Every year on April 22, New Yorkers everywhere celebrate Earth Day to raise awareness about the importance of environmental protection. Since its inception in 1970, there have been many positive actions taken as a result, including improved air quality.
The first Earth Day encouraged Congress to pass the landmark Clean Air Act the same year, which over decades has led to enormous reductions in all categories of air pollutants. Vehicles in the US today are almost 99 percent cleaner than those from the 1970s, with reduced carbon monoxide, nitrogen oxide, and particulate emissions. Vehicle fuels are also much cleaner after the elimination of lead in gasoline and reductions of sulfur levels in fuel, resulting in clearer skies and healthier children.
This Earth Day, pledge to improve your neighborhood’s air quality for the health of your loved ones and protect the environment from harmful pollution. Here are some tips to help you:
- Drive smart by combining trips and driving within the speed limit to conserve fuel. Choose clean transportation options, when possible.
- Keep your personal vehicle in excellent running condition, including maintaining proper tire pressure to maximize miles per gallon and reduce emissions.
- Plant trees and shrubs to absorb carbon dioxide, and flowers in your garden to enjoy the cleaner air with your family.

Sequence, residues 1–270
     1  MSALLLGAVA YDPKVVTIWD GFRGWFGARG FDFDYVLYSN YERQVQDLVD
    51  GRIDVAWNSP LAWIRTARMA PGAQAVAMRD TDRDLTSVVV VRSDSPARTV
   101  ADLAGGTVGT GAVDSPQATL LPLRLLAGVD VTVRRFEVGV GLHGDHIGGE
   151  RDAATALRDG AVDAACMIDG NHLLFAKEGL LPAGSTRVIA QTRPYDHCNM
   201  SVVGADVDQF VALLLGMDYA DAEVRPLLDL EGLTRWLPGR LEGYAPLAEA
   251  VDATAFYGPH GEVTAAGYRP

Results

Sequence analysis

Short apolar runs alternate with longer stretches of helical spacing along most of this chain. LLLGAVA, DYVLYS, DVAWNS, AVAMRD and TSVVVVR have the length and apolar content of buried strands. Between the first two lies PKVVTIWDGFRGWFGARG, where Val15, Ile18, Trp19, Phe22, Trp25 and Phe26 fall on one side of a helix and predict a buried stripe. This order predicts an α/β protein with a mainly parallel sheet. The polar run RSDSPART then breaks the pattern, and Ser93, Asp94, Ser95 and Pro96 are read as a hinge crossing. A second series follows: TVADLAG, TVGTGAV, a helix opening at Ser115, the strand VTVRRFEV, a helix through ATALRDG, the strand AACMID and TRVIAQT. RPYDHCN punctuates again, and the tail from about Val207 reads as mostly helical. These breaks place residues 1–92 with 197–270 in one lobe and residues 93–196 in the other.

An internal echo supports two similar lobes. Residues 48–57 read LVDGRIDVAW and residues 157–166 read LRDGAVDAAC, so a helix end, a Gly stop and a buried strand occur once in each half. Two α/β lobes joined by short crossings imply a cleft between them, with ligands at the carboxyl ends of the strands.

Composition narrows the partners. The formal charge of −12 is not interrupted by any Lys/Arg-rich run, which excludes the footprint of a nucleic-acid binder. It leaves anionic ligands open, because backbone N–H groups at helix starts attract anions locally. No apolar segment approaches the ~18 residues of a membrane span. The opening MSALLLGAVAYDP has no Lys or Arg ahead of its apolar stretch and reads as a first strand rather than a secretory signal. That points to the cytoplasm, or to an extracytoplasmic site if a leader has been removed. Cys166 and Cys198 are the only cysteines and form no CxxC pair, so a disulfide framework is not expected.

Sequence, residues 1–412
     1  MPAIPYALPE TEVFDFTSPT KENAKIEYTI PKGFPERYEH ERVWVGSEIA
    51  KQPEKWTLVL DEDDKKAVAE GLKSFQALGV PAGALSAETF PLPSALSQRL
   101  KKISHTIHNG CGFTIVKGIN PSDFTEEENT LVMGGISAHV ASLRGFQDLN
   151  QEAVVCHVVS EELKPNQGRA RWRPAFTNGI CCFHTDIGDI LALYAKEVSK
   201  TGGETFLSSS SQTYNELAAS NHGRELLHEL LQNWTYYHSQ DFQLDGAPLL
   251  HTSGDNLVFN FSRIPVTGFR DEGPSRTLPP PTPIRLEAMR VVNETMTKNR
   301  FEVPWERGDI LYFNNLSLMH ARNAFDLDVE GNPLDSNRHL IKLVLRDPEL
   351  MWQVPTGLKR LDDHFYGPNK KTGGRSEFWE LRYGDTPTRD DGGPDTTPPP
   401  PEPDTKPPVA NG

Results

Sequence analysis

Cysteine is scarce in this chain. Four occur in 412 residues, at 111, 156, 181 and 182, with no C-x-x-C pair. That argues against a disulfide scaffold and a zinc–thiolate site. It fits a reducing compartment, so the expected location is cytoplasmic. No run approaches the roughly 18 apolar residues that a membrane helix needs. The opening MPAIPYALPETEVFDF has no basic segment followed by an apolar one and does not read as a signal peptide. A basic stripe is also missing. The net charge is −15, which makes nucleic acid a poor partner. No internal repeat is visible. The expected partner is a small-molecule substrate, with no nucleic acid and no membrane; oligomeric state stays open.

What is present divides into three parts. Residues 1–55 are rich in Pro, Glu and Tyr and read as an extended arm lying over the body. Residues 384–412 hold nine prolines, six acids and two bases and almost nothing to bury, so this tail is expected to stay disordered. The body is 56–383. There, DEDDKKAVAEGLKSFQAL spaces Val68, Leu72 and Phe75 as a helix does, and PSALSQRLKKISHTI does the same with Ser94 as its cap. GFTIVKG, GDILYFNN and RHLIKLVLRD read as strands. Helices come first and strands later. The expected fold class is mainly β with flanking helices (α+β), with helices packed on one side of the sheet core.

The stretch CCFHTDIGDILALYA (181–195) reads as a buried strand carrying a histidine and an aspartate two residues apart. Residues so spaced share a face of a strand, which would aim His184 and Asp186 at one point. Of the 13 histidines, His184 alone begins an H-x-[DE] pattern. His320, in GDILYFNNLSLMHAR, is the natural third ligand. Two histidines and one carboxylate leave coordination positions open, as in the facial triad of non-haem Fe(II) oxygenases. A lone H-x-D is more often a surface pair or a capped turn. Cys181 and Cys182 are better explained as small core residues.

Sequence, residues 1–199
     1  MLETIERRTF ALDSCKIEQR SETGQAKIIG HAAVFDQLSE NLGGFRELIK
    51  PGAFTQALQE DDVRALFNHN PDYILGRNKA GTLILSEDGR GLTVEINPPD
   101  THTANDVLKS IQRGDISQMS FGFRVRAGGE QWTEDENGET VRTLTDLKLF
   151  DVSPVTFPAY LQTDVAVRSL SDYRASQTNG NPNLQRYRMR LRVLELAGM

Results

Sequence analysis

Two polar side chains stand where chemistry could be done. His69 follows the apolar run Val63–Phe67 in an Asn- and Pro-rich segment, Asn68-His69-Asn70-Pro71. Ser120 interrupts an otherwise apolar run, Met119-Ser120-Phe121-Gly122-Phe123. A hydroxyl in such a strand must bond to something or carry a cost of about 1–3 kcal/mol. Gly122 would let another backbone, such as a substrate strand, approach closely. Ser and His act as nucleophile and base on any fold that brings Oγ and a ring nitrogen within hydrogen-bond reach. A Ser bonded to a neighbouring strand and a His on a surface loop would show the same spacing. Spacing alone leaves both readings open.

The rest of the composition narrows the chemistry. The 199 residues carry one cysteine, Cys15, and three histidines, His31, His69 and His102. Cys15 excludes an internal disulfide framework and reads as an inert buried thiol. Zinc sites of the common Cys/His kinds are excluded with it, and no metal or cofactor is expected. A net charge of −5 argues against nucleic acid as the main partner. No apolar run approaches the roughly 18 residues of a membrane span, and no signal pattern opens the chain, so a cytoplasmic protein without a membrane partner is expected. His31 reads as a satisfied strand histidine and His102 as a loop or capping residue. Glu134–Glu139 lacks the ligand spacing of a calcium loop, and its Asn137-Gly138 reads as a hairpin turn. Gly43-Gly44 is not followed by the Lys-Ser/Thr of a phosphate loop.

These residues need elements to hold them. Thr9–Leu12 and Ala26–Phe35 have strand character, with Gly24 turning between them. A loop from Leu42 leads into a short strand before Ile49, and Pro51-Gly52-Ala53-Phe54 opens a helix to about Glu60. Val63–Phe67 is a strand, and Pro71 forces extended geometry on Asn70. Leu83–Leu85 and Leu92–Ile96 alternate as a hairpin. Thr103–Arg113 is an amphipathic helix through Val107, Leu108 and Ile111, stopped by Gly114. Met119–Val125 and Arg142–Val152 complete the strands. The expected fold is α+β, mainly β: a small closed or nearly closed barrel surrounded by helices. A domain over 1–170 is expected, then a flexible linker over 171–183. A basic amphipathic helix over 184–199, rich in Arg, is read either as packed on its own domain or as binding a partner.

- Turn off lights and some appliances when not in use.
- Use electric lawn and garden equipment, if possible, to take advantage of NY’s clean energy grid.
- Be extra careful when refueling your power equipment to reduce spills and smog-forming volatile organic compounds.
- To reduce air toxics, use only unpainted, untreated wood in campfires and never burn trash.
- Practice air quality improvement ideas continuously and share them with your family and neighbors at gatherings and on social media.
Water Week in NYS begins May 9, but you can start protecting our water and air today. Help reduce the effects of fossil fuel emissions on our water by greening your commute and conserving energy. Don’t over fertilize your lawn this spring. Look for the “zero” to buy phosphorus-free fertilizer products. Follow sustainable lawn care practices to prevent HABs in nearby waterbodies. Check out DEC’s website for other ways you can help keep air pollution out of our water and air. While you’re there, you can also read up on HABs.
Photo at top: Left: A view of a busy NYC street corridor with buildings blotted out by heavy pollution, circa early 1970. Right: A view of a bustling NYC street corridor on a clear, sunny mid-summer day in 2017. Photo above: Harmful algal blooms (HABs) are caused by an overabundance of nutrients such as nitrogen, causing toxic algal to grow out of control. This HAB occurred in NYC’s Central Park Lake in Manhattan. Bottom; When buying fertilizer look for the “zero” to prevent water pollution.